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To much is made of short arbors

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I keep listening to this dribble and from time to time feel the need to correct this false notion.
A short arbor has nothing at all do do directly with accuracy or strength. It's only benefit is ease of consistent arbor depth gauging which is easily accomplished with a feeler gauge or better yet a lug gauge made to fit the wedge head under lug.
Most open frame guns in use today have short arbors and keep right on working as they have for decades with out being corrected.
Truth is even when the arbor is initially end fit, soon as a soft wedge gets beat up and deformed chances are it no longer is making contact at the end anyway.
 
I keep listening to this dribble and from time to time feel the need to correct this false notion.
A short arbor has nothing at all do do directly with accuracy or strength. It's only benefit is ease of consistent arbor depth gauging which is easily accomplished with a feeler gauge or better yet a lug gauge made to fit the wedge head under lug.
Most open frame guns in use today have short arbors and keep right on working as they have for decades with out being corrected.
Truth is even when the arbor is initially end fit, soon as a soft wedge gets beat up and deformed chances are it no longer is making contact at the end anyway.
"MOST"

Your silly. At best 50% have short arbors. Piettas have not had short arbors since the transition to CNC. Which was the very early 2000's. That leaves Uberti. Most, but not all, Ubeti Colt replicas have short arbor issues, but NOT ALL.
 
I keep listening to this dribble and from time to time feel the need to correct this false notion.
A short arbor has nothing at all do do directly with accuracy or strength. It's only benefit is ease of consistent arbor depth gauging which is easily accomplished with a feeler gauge or better yet a lug gauge made to fit the wedge head under lug.
Most open frame guns in use today have short arbors and keep right on working as they have for decades with out being corrected.
Truth is even when the arbor is initially end fit, soon as a soft wedge gets beat up and deformed chances are it no longer is making contact at the end anyway.
Yep, dribble unless you are doing cylinder swaps on the clock. When I was shooting CASS the crew that came up with the stages would always include a 5 shot pistol reload if one of us using cap and ball showed up. Call it friendly competition if you want. We would have to do a cylinder swap and cap at the line while on the clock. Not that difficult with 58s (think Pale Rider), but with an open top with a short arbor?? No feeler gauges in use. Basic procedure was to use the brass pommel to pop the wedge out, hopefully catching on the screw on the side of the barrel and not go to the ground, disassemble the barrel from the frame, remove the empty cylinder and replace it with a loaded (less caps) one (I used 10-22 magazine holders on my belt to hold them), then cap. The wedge would be set in place with the knife pommel again (guess you could use the pistol grip of another handgun, but difficult to do without sweeping the range). If you were dealing with a gun that had a short arbor, you needed a ‘just right’ Goldilocks hit. Too hard and the cylinder wouldn’t rotate. To light, the thing might spontaneously disassemble. Get the dribble just right, and you were good to go. Also curious at to the traditional and proper place to store ones feeler gauges?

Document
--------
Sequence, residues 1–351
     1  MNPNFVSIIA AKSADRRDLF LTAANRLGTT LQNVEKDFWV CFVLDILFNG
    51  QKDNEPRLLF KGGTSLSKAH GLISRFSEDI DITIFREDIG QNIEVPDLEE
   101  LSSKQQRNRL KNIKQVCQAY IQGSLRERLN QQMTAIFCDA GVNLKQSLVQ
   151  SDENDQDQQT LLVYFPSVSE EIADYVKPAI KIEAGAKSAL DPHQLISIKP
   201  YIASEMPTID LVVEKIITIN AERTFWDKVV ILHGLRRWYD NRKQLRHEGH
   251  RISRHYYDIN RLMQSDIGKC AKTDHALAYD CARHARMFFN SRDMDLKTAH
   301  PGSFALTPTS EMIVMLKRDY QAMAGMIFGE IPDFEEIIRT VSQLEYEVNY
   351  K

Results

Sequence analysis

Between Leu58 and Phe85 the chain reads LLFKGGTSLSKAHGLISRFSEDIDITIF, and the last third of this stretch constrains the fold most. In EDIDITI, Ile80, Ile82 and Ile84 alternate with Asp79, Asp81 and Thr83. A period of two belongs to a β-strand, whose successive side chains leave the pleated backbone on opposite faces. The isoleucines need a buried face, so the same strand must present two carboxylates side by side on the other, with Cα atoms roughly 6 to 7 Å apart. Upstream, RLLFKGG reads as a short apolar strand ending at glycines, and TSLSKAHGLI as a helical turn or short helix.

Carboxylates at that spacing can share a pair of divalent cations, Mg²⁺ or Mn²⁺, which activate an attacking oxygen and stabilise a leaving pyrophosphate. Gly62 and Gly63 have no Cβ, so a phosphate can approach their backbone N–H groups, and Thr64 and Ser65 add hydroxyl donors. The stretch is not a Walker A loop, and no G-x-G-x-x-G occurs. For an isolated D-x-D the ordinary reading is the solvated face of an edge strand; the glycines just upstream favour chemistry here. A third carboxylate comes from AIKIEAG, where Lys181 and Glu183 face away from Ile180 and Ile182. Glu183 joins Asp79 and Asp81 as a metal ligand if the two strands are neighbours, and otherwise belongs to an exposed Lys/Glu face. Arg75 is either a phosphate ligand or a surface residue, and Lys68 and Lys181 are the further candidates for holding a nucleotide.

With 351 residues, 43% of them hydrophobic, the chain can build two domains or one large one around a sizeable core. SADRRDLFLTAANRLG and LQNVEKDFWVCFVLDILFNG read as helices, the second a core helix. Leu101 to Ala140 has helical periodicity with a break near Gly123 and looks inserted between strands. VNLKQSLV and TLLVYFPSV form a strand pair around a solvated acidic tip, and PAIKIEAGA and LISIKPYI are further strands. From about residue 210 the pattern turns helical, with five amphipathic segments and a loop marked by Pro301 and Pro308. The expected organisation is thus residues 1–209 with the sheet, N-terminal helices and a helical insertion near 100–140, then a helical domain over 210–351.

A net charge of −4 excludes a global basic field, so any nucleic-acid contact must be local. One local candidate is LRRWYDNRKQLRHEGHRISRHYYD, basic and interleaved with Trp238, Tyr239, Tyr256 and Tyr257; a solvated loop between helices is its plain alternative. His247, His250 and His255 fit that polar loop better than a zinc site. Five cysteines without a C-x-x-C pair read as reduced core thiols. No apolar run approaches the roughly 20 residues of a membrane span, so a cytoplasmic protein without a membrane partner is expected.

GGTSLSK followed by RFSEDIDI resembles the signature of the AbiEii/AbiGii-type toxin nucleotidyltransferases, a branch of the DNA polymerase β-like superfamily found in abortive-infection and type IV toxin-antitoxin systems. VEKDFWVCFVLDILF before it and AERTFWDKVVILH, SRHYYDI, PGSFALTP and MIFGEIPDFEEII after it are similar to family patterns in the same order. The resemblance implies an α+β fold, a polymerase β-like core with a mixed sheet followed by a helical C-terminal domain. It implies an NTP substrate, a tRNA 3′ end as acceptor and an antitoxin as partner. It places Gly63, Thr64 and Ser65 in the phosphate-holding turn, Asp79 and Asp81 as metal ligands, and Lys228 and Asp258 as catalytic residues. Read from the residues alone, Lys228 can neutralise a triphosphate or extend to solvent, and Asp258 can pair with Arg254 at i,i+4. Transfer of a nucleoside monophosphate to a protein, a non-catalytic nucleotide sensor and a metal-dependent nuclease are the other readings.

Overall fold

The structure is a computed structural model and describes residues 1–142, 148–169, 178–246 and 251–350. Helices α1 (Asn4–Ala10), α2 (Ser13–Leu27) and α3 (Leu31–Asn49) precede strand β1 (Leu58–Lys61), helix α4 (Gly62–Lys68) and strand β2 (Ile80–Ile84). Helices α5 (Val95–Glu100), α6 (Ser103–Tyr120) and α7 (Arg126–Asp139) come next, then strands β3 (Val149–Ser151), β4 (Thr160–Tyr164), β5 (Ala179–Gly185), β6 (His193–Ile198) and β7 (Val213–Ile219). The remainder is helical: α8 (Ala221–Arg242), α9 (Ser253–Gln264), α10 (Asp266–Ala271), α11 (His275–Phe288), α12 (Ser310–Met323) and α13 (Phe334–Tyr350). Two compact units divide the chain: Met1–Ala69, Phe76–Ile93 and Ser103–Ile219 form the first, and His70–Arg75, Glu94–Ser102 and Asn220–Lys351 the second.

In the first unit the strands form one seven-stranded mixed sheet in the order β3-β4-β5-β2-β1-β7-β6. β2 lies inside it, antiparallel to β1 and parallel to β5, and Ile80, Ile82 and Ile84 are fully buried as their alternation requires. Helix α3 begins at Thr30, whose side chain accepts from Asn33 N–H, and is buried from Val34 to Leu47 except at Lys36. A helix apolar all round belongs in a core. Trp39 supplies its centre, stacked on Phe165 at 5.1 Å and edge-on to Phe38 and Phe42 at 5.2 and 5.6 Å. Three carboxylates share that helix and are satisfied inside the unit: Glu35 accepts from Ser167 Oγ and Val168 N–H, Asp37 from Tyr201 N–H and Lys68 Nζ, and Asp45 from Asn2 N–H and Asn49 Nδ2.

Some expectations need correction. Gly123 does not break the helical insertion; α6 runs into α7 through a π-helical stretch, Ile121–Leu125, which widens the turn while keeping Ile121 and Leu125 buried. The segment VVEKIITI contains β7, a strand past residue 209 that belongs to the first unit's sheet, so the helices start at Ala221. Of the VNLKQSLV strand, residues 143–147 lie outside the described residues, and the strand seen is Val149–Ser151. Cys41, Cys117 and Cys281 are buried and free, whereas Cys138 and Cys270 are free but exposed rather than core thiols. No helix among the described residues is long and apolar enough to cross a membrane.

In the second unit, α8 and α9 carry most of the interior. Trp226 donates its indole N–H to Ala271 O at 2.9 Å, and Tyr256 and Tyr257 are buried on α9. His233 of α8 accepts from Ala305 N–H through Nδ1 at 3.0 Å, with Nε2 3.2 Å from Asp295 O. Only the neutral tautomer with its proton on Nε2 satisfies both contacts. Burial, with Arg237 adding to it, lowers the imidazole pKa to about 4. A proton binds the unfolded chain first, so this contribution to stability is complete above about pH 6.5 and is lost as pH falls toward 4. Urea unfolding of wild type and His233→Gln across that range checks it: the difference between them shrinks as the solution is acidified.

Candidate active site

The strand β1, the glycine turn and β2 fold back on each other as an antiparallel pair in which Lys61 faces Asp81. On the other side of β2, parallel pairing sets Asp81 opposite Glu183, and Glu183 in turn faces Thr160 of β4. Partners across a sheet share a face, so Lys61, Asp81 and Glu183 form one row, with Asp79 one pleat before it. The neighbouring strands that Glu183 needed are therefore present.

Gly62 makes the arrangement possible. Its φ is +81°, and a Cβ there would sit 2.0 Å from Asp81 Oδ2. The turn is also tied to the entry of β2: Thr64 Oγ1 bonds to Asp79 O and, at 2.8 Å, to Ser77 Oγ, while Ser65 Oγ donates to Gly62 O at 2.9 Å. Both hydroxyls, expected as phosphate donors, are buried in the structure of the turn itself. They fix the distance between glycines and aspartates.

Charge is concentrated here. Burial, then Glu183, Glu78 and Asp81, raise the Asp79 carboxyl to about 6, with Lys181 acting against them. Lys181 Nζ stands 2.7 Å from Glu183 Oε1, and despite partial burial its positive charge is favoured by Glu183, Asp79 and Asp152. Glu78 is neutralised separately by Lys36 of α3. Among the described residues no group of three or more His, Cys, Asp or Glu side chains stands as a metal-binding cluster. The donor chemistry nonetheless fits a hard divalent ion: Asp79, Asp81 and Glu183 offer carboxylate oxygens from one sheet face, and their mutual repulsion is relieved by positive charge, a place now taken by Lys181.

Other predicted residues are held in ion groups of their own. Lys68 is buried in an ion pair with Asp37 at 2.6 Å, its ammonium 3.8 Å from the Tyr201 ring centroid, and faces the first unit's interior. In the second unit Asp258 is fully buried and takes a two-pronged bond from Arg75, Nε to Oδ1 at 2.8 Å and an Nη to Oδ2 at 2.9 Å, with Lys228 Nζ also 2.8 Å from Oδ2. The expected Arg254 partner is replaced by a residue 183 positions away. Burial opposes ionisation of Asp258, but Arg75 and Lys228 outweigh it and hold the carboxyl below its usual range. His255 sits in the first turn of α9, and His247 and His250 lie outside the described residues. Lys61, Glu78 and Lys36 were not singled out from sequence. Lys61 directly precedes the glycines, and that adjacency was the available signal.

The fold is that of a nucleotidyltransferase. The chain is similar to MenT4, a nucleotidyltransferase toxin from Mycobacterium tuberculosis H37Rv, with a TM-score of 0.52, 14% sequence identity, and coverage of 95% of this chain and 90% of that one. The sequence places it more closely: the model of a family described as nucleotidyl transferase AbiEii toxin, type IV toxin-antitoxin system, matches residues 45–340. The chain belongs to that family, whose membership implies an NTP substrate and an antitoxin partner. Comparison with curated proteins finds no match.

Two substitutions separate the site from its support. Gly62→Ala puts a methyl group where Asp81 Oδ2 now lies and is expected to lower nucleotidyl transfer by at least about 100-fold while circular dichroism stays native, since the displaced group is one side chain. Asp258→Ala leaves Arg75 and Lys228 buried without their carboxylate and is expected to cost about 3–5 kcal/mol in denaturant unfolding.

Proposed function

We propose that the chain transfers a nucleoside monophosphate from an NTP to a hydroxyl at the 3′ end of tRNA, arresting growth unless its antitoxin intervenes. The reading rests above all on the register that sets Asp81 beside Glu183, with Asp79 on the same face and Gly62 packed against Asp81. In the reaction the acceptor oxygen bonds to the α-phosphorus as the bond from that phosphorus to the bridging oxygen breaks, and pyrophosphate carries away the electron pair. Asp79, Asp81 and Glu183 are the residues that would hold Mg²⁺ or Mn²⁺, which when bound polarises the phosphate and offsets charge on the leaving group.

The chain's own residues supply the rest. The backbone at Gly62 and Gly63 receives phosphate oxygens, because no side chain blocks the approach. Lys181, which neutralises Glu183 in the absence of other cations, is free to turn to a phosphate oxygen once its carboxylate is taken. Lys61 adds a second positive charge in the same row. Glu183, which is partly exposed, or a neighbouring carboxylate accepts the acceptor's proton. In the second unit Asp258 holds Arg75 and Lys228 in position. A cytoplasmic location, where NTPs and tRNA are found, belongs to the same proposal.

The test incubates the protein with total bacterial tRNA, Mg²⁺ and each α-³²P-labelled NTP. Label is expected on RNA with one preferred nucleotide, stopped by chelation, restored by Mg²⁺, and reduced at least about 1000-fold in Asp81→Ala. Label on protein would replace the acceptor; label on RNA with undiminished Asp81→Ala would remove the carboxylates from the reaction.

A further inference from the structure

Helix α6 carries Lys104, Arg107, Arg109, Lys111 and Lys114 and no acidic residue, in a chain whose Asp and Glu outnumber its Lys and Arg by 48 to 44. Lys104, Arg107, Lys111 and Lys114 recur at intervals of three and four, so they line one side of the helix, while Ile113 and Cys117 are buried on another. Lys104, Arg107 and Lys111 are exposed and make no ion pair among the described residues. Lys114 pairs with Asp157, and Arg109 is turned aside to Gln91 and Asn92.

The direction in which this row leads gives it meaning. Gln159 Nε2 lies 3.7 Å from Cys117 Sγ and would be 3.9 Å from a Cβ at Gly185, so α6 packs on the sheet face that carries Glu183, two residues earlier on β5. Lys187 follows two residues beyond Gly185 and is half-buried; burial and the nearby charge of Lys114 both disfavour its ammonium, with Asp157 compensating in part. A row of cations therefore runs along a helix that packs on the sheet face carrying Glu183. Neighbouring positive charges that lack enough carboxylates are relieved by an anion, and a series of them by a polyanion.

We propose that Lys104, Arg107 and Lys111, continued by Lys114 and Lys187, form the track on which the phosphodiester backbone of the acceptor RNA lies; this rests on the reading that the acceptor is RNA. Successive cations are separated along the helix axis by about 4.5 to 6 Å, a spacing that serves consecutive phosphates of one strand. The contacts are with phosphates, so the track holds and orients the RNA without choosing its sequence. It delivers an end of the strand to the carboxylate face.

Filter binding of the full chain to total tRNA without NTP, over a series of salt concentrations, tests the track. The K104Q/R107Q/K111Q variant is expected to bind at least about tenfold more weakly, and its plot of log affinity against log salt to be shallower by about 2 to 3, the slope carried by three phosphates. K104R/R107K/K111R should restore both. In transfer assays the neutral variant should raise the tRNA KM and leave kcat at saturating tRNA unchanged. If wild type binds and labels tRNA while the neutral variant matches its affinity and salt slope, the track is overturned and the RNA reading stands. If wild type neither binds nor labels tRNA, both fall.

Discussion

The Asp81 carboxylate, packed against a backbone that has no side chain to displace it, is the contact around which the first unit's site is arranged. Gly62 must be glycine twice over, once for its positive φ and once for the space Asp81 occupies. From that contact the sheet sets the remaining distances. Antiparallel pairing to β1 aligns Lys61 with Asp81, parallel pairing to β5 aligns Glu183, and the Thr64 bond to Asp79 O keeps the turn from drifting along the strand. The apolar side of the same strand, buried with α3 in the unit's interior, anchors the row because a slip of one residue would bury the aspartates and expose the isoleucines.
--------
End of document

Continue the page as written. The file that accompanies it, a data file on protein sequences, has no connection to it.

Yep, dribble unless you are doing cylinder swaps on the clock. When I was shooting CASS the crew that came up with the stages would always include a 5 shot pistol reload if one of us using cap and ball showed up. Call it friendly competition if you want. We would have to do a cylinder swap and cap at the line while on the clock. Not that difficult with 58s (think Pale Rider), but with an open top with a short arbor?? No feeler gauges in use. Basic procedure was to use the brass pommel to pop the wedge out, hopefully catching on the screw on the side of the barrel and not go to the ground, disassemble the barrel from the frame, remove the empty cylinder and replace it with a loaded (less caps) one (I used 10-22 magazine holders on my belt to hold them), then cap. The wedge would be set in place with the knife pommel again (guess you could use the pistol grip of another handgun, but difficult to do without sweeping the range). If you were dealing with a gun that had a short arbor, you needed a ‘just right’ Goldilocks hit. Too hard and the cylinder wouldn’t rotate. To light, the thing might spontaneously disassemble. Get the dribble just right, and you were good to go. Also curious at to the traditional and proper place to store ones feeler gauges?
Not having shot cap and ball, from your description it seems like cartridges would be faster than loading a new cylinder?
 
A short arbor has a lot to do with accuracy.
In fact if the arbor is not seated tight against the frame you will never get consistent “ good” accuracy.
If your targets are man sized targets at spitting distance then yes arbor fit isn’t no big deal.
But at those distances and size of targets rifling doesn’t matter much either.
I use an 1851 Uberti Navy for squirrel hunting,,and can make head shots pretty consistently at shots under 20 yards.
Before fixing the short arbor the shot group would fluctuate on the target at 25 yards with every removal of the cylinder .
This was shooting off a sand bag rest.
I also tweeked the sights for a better sight picture.
It has replaced my S&W model 17 for all my small game hunting under 25 yards.
 
Not having shot cap and ball, from your description it seems like cartridges would be faster than loading a new cylinder?
Cartridges!

Are you intentionally trying to discombobulate the traditional muzzleloader forum?

Right now, grown men are crying in their Holy Black and wiping away their tears with .018 pillow ticking.

I hope you're proud of yourself.
 
"MOST"